First written in 1938 and revised and enlarged in 1954, Love in the Western World is part history, part cultural analysis of the concept of romantic (or passionate) love in the West and its relationship (in the author’s view a hostile one) to marriage.  De Rougement’s basic argument is that the exaltation of passion occurred in the  poetry of the troubadours of southern France in the twelfth and thirteenth centuries and that they were influenced by the contemporary dualist form of Christianity known as Catharism, considered heretical by the Roman Catholic Church.  In fact a  bloody crusade was launched against them by Pope Innocent III in 1209, which de Rougement (no supporter of the Cathars) does not hesitate to label as “genocide”.  The Cathars believed that the material world was created by an evil demiurge and that human beings were souls entrapped in their bodies.  They believed that there was hope of escape and reunification of the soul with its spirit (which remained in Heaven).   The Cathars did not think that Jesus was an incarnate god but rather that he took on the semblance of human nature, Living properly in this life (which included, in part, pacifism and vegetarianism) meant that death was an escape from the evil material world.    There were ordinary Catharist believers who generally married and the Perfect who led celibate lives.  De Rougement argues that the courtly love tradition  of the troubadours, wherein the ideal knight was devoted to his lady but never  was supposed to consummate this love sexually, was symbolical of Cathar beliefs including the denigration of procreation and marriage. and that the obstacles to the love of knight and lady related in their writings symbolize the ultimate obstacle of death.  Passion that leads to death symbolizes the  Cathar attempts to escape the wicked material world for the sake of love for the Divine..  De Rougement further argues that these early ballads have influenced the modern concept of romantic love being the  highest (or only valid) basis of marriage. According to de Rougement, Cathar doctrine is debased and distorted by the modern cult of romantic love which values passion over commitment (and thus implicitly at least approves of adultery) while the bourgeois form of marriage is a diluted form of Christian wedlock.  Thus the irony that the old antagonism between Christianity and Catharism has now  led to a quarrel between  a pallid version of the former and a perversion of the latter.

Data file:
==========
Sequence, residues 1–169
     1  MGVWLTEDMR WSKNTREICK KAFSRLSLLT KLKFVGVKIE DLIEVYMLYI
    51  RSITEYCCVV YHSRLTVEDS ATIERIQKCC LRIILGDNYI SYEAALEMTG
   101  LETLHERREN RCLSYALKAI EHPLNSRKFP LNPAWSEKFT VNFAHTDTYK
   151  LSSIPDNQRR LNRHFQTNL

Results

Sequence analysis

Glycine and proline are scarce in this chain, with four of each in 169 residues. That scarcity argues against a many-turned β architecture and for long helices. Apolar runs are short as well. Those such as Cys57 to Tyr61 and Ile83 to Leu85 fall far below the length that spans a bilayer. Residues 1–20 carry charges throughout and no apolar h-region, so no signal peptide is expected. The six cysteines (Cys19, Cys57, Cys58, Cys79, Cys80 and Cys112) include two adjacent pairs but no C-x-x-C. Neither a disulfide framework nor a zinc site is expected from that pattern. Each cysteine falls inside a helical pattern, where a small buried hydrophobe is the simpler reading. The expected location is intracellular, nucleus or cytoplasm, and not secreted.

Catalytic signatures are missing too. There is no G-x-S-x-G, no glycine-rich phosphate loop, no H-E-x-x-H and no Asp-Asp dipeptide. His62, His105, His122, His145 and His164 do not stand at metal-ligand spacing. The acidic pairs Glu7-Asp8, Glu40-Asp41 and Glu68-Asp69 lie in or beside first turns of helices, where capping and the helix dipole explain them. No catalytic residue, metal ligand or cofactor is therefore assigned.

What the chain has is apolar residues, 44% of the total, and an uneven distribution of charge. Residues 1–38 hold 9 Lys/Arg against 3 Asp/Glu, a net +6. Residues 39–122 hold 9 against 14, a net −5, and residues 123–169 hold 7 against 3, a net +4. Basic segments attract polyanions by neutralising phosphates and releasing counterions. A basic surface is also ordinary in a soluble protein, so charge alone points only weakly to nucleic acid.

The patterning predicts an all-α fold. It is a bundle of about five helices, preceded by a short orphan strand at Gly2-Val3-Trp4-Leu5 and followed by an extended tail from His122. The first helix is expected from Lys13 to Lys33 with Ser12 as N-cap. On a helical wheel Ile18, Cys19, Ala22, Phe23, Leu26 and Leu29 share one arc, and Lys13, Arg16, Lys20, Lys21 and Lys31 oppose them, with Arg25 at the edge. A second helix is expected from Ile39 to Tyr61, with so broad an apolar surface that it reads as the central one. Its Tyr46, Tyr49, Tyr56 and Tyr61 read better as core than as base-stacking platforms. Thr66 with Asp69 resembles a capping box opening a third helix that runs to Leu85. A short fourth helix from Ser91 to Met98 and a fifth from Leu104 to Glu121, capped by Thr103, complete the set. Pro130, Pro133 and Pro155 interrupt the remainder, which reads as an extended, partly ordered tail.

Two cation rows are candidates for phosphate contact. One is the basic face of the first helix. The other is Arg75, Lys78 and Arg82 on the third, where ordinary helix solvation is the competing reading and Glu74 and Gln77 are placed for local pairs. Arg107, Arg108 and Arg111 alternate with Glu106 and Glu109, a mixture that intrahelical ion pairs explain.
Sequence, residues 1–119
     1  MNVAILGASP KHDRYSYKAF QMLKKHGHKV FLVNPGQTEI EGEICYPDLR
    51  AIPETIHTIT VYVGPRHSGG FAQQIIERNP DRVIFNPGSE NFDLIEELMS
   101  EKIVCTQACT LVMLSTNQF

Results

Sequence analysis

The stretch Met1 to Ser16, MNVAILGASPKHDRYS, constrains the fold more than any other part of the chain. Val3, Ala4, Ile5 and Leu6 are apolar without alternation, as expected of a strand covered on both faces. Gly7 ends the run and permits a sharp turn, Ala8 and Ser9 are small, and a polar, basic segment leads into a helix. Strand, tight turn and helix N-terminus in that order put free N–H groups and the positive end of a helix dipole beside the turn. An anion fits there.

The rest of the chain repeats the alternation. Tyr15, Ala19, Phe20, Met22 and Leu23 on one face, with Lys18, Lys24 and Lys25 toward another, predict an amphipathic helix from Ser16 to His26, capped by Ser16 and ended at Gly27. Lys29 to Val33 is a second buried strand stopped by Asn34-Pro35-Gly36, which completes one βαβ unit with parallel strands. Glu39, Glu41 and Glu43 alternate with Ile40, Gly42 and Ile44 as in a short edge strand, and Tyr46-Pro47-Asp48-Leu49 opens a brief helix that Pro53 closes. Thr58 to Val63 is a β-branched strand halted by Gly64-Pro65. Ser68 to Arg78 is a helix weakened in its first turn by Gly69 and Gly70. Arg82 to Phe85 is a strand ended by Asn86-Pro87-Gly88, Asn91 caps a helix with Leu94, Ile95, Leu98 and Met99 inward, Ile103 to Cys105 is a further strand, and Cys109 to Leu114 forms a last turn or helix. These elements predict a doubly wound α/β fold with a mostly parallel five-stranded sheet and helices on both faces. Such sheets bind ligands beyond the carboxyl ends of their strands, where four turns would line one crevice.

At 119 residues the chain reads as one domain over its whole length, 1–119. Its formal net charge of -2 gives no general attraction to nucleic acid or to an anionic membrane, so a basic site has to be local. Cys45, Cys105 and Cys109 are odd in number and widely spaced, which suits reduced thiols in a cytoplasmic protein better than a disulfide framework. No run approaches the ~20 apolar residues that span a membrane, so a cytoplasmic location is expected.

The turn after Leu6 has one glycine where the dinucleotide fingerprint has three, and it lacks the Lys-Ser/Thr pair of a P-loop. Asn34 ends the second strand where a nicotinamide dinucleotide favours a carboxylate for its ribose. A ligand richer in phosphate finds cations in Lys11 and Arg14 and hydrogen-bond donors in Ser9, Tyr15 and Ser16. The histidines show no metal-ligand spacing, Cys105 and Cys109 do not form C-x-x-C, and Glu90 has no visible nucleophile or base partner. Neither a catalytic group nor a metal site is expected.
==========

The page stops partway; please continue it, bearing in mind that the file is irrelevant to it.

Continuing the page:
De Rougement (1906-1985) was a leading Swiss  intellectual and  far from  simpleminded.  His analysis of various literary works can be fascinating. He does not think the weakening of marriage is due solely to the influence of an unremembered  dualist religion. He also acknowledges that the social structures that encourage marriage have largely become undone and seems  to think this is a good thing because now marriage depends upon the decisions of individuals,  In this he shows himself, I think,, influenced by existentialist philosophy.  Indeed he often cites Soren Kierkegaard, the founder of Christian existentialism.  He thinks that it is impossible to argue with passion because passion rejects reason.  Despite all this, the author ends on a note of hope.  Whether or not one regards this hope as realistic, the book is a highly intriguing brew.